Let me start by saying that I love Football. As an immigrant to this country, I was only truly exposed to the NFL when I moved to the USA in 2005. Took a little while to fully understand the nuances of the game, but once I got that down, I fell in love. Football is a spectacular sport that is both an entertaining and exciting spectacle, but it is also violent.

I understand that football is a “collision” or contact sport and thus is inherently dangerous. I grew up watching and playing Rugby in South Africa. Like Football, Rugby is contact sport and thus includes elements of violence; however, it seems the violence is far more controlled. I believe this to be because Rugby seems to be more of a tackle-oriented rather than collision-oriented sport. I will explain this shortly.

Anyone who follows the NFL, and even those that do not, are aware of the massive safety initiative the NFL has been rolling out in order to improve player safety, via preventing head hits and concussions. The NFL’s motive is to thwart another lawsuit like the one they paid out to former players in early 2013.

Over the last three seasons the NFL’s Competition Committee has added several new rules in an attempt to minimize the risk of concussions, and thus make the game safer.

• Rule 12 Section 2 Article 8 Prohibits a runner or tackler from initiating forcible contact with the crown of the helmet outside the tackle box.

• Rule 12. Section 2. Article 6: Defines the following as Unnecessary Roughness.
9. using any part of a player’s helmet (including the top/crown and forehead/hairline parts) or facemask to butt, spear, or ram an opponent violently or unnecessarily;
10. (j) grabbing a helmet opening of an opponent and forcibly twisting, turning, or pulling his head.

• Rule 12. Section 2. Article 12. Flagrant striking, kicking, or kneeing an opponent or striking him on head or neck with heel, back or side of hand, wrist, elbow, or forearm


The new rules seem like a GREAT idea in theory: essentially eliminate hits to the head and using the helmet as a weapon. While we await official statistics for the 2013/2014 season, it appears that the head hits and concussions may have decreased slightly this season. Unfortunately, lower leg injuries are on the rise, especially knee injuries. While we haven’t stats for the full season, as of early December, at least 41 NFL  players have had season-ending knee injuries this season, an increase of 64% since 2011!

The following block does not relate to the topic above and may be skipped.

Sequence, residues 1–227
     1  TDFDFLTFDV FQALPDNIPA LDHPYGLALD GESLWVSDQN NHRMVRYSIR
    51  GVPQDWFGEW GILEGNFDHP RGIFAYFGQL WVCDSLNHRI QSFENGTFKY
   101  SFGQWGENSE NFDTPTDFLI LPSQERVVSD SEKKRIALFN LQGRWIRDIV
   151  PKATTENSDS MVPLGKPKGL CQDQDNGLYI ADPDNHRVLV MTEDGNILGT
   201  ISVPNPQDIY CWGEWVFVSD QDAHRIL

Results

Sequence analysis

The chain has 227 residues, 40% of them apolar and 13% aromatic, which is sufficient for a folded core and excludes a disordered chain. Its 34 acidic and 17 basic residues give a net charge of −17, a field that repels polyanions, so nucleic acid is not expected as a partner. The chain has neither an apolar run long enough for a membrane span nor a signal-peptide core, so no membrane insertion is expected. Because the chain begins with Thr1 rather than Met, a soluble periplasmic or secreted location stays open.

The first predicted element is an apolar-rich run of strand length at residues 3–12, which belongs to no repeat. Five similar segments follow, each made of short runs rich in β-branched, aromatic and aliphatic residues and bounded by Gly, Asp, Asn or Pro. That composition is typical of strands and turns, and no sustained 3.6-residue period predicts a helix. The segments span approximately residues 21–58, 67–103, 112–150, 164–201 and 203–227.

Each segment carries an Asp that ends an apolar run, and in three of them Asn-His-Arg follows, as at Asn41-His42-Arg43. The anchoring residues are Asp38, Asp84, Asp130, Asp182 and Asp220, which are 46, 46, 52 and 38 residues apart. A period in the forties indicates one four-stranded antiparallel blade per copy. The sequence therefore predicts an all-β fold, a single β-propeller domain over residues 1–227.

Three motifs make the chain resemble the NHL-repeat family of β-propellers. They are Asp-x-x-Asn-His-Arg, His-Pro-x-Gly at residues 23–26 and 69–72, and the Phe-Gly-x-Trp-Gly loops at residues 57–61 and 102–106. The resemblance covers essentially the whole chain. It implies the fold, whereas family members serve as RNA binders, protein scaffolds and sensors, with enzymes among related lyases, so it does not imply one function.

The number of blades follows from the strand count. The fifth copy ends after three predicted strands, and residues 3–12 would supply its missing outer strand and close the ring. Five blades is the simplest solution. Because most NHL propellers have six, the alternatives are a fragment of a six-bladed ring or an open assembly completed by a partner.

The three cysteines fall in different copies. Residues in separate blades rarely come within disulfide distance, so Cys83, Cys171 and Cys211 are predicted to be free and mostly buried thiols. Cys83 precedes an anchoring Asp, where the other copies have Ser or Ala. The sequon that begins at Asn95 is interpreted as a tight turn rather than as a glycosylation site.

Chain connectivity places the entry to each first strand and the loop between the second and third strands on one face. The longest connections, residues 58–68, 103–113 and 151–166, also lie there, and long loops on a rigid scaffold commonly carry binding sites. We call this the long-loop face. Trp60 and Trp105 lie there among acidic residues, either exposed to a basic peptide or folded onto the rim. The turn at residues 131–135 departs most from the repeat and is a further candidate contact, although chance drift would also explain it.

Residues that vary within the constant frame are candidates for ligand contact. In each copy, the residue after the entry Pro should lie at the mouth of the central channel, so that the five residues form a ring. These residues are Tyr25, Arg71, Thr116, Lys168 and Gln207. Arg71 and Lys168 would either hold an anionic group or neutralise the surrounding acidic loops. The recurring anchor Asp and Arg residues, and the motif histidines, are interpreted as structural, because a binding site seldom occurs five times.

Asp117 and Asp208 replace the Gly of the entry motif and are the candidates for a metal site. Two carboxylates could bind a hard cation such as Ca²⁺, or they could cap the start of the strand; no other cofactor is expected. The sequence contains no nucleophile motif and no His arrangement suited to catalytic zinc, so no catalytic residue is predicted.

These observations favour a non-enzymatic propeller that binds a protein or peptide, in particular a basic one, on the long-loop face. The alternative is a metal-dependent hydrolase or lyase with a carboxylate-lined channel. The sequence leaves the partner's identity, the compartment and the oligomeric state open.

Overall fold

I admit what prompted this blog was the ACL and MCL tears inflicted upon New England Patriots Tight End Rob Gronkowski in the game against Cleveland. (Yes, having briefly worked with Tom Brady in 2006 offseason, I’m a Pats fan!) Safety T.J. Ward aimed at Gronkowski’s knee as opposed to higher up to avoid the penalty and league mandated fine for hitting the head of the receiver. Ward confirmed this in a post game interview, as well as adding that those types of low hits are all that defensive players are able to do within the NFL’s new rules policy:

“If I would’ve hit him up high, there’s a chance I was going to get a fine. It’s kind of being caught between a rock and a hard place. It’s a decision you have to make, but you have to follow the rules at the same time. When they set the rule, everyone knew what was going to happen. This can happen if you have those types of situations. It’s pretty much inevitable, and they forced our hand with this one.”

Click link to see video of Ward’s fully legal hit that ended Gronk’s season.


I see Ward’s point, if a defensive player knows he will be penalized (hurting the team) and fined (hurting his wallet) for hitting high. What choice does he have but to aim low? Plus, Ward’s no stranger to the league mandated fines for illegal hits:  he was fined $15,000 in 2010 for a helmet-to-helmet hit on then-Bengals receiver Jordan Shipley, and $25,000 last year for leading with his shoulder while hitting Cowboys receiver Kevin Ogler.

Clearly, this risks injuring players’ knees. Many NFL players have voiced their concerns about this and have stated that they would much rather risk a concussion than an ACL tear. For example, in a Sports Illustrated interview, Miami Dolphin’s Wide Receiver Brian Hartline said, “I would much rather have a bang-bang hit to my head than have someone dive at my knee. I’d be surprised if other players thought otherwise.”